London Latest - Rogge Rejects Munich Moment of Silence; BMX Track Revamped
IOC Rejects Moment of Silence for Munich 1972 Victims
Israel’s deputy foreign minister says the IOC’s refusal to hold a moment of silence for Munich 1972 victims in London is “unacceptable” and against the ideals of the Olympic Movement.
Ankie Spitzer is one of the two widows on whose behalf Danny Ayalon is requesting the moment of silence. Spizter's husband Andre was the fencing coach for the Israeli team and was killed along with 10 other athletes and coaches during the Munich Olympics. (Getty Images)
“The terrorist murders of the Israeli athletes were not just an attack on people because of their nationality and religion; it was an attack on the Olympic Games and the international community,” Danny Ayalon said in response to IOC president Jacques Rogge’s rejection letter.
“Thus it is necessary for the Olympic Games as a whole to commemorate this event in the open rather than only in a side event,” he added in a Thursday statement from the Israel Minister of Foreign Affairs.
Ayalon wrote to Rogge earlier this year requesting the gesture on behalf of the widows of two of the 11 athletes and coaches slain by Palestinian terrorists 40 years ago.
"Please rest assured that, within the Olympic family, the memory of the victims of the terrible massacre in Munich in 1972 will never fade away," Rogge said in his reply, indicating that Olympic officials would attend the Israeli delegation's traditional tribute to the victims but would not open the Games with a minute a silence.
“This response is unacceptable as it rejects the central principles of global fraternity on which the Olympic ideal is supposed to rest,” said Ayalon.
According to the Israel Minister of Foreign Affairs, he will continue to lobby the IOC to reverse the decision.
ATOS Discusses IT Security
TOP sponsor ATOS' Olympics chief says the I.T. giant is prepared for “most of the known scenarios” posing a cyber threat to London 2012.
Patrick Adiba, ATOS vice president for the Olympics. (Getty Images)
"We are prepared for most of the known scenarios and have a response for them all," Patrick Adiba, ATOS vice president for the Olympics, told the U.K.’s Computing
"If it's a new attack we have never encountered before, we'll react on the spot, but the priority is to protect the Games," he said.
Without mentioning specifics, he did list some of the big concerns at the Games.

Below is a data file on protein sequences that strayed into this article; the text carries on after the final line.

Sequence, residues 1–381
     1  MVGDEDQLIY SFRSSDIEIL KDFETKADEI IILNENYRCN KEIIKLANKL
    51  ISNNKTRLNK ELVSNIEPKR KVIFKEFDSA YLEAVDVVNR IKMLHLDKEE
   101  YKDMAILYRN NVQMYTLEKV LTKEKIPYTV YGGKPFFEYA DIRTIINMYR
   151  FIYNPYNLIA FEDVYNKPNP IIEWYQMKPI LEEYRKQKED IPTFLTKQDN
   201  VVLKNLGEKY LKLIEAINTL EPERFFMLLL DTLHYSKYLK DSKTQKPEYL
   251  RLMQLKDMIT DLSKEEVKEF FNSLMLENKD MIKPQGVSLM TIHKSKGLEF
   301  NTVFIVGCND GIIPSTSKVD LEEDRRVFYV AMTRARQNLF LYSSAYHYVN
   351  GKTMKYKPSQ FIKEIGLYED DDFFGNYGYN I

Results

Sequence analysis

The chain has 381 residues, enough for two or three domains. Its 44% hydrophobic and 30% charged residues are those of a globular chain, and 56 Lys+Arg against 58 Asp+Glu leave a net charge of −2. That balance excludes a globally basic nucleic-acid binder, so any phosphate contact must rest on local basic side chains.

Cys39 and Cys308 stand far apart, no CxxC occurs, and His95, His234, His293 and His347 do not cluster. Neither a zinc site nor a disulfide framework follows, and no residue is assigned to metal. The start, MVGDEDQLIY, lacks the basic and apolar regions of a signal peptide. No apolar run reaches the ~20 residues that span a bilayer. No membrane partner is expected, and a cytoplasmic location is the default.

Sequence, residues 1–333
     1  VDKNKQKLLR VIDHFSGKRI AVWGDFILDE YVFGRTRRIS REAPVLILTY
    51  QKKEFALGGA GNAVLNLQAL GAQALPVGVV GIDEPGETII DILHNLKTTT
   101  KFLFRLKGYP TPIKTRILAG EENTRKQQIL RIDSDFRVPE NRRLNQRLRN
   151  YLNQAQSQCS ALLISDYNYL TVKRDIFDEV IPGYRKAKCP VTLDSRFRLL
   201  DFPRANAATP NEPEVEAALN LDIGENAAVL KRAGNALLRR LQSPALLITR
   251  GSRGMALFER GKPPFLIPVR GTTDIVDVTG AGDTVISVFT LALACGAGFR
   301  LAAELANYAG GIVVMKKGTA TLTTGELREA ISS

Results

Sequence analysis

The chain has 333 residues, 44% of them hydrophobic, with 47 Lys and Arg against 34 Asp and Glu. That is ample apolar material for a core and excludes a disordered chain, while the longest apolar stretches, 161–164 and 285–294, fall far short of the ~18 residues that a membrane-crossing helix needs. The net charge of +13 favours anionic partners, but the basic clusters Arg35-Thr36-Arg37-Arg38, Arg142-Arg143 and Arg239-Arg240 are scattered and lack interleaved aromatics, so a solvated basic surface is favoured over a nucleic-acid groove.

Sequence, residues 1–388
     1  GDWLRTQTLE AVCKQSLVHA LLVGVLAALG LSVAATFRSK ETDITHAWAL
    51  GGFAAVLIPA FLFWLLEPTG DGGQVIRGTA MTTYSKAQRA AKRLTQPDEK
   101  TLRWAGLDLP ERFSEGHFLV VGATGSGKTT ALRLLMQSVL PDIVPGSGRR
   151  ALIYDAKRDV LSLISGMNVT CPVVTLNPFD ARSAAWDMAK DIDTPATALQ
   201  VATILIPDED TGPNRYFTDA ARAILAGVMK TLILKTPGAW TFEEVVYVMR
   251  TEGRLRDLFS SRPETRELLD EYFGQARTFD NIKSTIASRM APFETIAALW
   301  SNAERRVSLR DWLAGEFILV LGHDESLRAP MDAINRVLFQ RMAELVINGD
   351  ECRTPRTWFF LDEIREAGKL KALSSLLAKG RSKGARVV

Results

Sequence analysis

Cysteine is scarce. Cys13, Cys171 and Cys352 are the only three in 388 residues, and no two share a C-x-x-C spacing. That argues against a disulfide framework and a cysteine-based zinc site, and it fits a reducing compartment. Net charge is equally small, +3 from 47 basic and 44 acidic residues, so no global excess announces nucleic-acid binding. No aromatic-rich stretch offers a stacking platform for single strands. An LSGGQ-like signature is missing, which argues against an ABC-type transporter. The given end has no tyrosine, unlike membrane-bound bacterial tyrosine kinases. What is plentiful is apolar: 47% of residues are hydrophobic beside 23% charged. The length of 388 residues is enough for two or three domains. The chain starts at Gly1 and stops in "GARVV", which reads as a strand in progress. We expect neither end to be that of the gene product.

"The biggest threats are losing accurate data and protecting and managing personal data from the event," said Abida.
"Fifty percent of the security threats are coming from social engineering, such as losing passwords or not having strong enough passwords. So half the issue is about retraining, re-education and making people aware of these problems."
Ahmadinejad: “Enemies” Hope for Iranian Olympic Failure
Iranian president Mahmoud Ahmadinejad says Iran’s “enemies” are conspiring against the country at the Olympics.
Mahmoud Ahmadinejad at the United Nations General Assembly in 2011. (Getty Images)
"The enemies do not want our athletes to win medals, but our young people shall be present at the Olympic Games and, like Arash, give new reasons to take pride in Islamic Iran," he was quoted by the official IRNA news agency.
Iran has listed the United States and other western countries as its enemies.
Ahmadinejad added he that he hopes to go to the London Olympics, despite organizers’ reservations about his attendance.
"I would like to be beside the Iranian athletes at the Olympic Games in London to support them, but (the British) have issues with my presence," he was quoted by the official IRNA news agency.
Second Test for BMX Track
Top riders take no issue with changes made to the BMX track in Olympic Park.
The BMX Track lies adjacent to the velodrome in Olympic Park. (LOCOG)
“The first straight is now a lot more even, the new first corner is really good, and they’ve made the second straight a little bigger so that we come into the tunnel with a lot more speed now,” women’s world no. 1 Caroline Buchanan said Thursday in comments posted to LOCOG’s website.
“It’s nice to be riding the surface that we’re familiar with,” added Liam Phillips of Team GB.
Buchanan and Phillips were among the first to train at the revamped track since feedback from athletes and the International Cycling Union at last August’s test event prompted the tweaks.
The London Photographers Branch of the U.K.’s National Union of Journalists will devote their May meeting to a discussion about the Olympics.
Titled “Olympic Concerns: Preparing Photographers for London 2012”, the meeting is scheduled for May 25.
A post on the Branch website says the discussion will be about “what our members are likely to face over the coming months – from terror laws and the imminent Protection of Freedom law, to private security and military personnel – and how we can be best prepared as the capital braces for the Diamond Jubilee and the London 2012 Olympic Games.”
Written by Matthew Grayson and Ed Hula III.
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